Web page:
If You Think Aguachile And Ceviche Are The Same, You're Doing It Wrong

A conversation with TV personality and chef Claudia Sandoval.

I am always looking to expand my lineup of summer foods. When the sun is kicking my ass all day, I need snacks that will cool me off and refresh me. There will always be popsicles and watermelon, but is there a deeper joy than finding something new for the rotation? One of life's greatest pleasures is having something fresh to eat dream of!

As a new resident of Los Angeles, I have been learning more and more about the wide and delicious world of Mexican and Central American cuisines. One particular item that has grabbed my heart, mind, and stomach is aguachile. On days when I foolishly decide I should go on a walk around this cloudless town, it's been aguachile that has returned my vitality.

What is aguachile?

Aguachile is raw shrimp in liquid (traditionally water, but most recipes will swap lime for water) with chiles, onion, cucumber, and sometimes fruit. It is a great combination of cool, refreshing, and spicy. It's hot but also light, which means you can get to sweating without feeling sluggish.

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This dish is sometimes grouped together with ceviche; both prioritize fresh seafood as the base protein, and in practice, both are cured in citrus. But while ceviche is a product of Peru, aguachile comes from the Mexican state of Sinaloa.

"I love how fresh the ingredients taste," says fellow Takeout writer, cookbook author, and self-professed "aguachile fiend" Jesse Valenciana. "The balance of citrus and heat gets me going, and the texture of the shrimp is divine."

So then, what is aguachile's story? I spoke with Chef Claudia Sandoval, who stars in the Discovery+ Mexico/US food tour Taste of the Border and who won season 6 of MasterChef, about the Mexican dish. Sandoval, who is currently based in San Diego, is from Mazatlan, the Sinaloan city that hugs the Gulf of California on the Pacific coast. We talked about aguachile's history, foodways, and how it's being reinvented.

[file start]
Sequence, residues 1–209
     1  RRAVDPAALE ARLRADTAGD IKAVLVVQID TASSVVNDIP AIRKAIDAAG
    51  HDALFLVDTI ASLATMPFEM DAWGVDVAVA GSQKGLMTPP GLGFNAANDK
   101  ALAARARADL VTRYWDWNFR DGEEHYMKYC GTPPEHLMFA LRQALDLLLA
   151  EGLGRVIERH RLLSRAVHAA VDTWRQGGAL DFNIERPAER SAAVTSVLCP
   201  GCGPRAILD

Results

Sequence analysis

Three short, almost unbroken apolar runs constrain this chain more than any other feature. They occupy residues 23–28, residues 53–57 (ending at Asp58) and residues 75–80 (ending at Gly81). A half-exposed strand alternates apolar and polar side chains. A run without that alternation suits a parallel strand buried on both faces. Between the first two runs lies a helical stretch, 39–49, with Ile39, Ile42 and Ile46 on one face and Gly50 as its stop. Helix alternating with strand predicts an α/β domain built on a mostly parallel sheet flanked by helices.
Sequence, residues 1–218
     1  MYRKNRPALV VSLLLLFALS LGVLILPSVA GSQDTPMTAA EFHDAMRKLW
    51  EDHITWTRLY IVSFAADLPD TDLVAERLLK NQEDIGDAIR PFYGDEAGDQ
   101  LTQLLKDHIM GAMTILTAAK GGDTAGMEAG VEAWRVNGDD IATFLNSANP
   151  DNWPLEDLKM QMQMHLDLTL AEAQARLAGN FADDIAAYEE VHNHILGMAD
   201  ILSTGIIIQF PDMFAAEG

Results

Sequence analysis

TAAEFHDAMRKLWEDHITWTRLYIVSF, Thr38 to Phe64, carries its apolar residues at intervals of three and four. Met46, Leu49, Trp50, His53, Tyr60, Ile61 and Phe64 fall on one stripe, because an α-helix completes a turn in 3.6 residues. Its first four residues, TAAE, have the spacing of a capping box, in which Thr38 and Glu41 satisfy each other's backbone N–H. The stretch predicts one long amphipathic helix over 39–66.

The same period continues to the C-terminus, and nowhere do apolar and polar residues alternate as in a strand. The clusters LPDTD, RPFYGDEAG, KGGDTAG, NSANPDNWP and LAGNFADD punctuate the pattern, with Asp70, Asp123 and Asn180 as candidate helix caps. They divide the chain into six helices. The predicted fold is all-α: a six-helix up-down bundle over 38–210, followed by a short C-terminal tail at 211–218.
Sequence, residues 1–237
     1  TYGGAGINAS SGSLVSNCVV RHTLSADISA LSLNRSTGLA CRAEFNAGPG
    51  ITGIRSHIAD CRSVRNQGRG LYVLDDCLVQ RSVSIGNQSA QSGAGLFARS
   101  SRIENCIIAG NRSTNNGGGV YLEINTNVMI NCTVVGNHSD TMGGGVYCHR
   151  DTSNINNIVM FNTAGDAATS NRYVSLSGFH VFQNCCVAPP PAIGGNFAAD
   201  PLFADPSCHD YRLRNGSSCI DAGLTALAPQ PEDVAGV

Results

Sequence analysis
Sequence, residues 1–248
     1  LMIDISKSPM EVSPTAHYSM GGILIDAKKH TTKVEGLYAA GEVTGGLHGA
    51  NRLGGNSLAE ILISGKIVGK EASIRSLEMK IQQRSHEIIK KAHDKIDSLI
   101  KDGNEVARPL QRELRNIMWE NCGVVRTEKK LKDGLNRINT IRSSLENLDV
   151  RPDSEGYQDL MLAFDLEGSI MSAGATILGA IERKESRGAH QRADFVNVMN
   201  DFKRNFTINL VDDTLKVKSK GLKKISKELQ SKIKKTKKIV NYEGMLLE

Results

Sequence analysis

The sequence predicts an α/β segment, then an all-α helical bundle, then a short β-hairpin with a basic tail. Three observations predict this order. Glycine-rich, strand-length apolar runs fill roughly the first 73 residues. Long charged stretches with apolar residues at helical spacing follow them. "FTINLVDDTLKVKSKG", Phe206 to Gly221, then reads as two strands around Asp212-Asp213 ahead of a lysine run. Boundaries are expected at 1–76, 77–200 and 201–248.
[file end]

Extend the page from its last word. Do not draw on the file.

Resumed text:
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The Takeout: What are the component parts of aguachile? 

Claudia Sandoval: Aguachile has to be made with shellfish—shrimp or scallops. The story goes that aguachile was made by fishermen. Because they wouldn't have anything to cook with, they would just slice up shrimp, and because they had little packs of dried chiles, chiltepin, they would take chiltepin and grind it up and sprinkle it over this raw fish, add a little bit of water if they had any—most of the time saltwater. And that's how they would eat it. Literally agua and chile.

Which is fascinating to me, because I would always wonder: Why would they call it aguachile if [it's being prepared] with lime? Why not call it límonchile? And then when I dug into the history of it... as the years progressed and it became popularized, as people started serving it at restaurants, people started to add the lime juice, because that's what they were used to with ceviche. So they switched out the water for lime and the chiltepin.

TO: To the untrained eye, it might seem as though aguachile is similar to ceviche.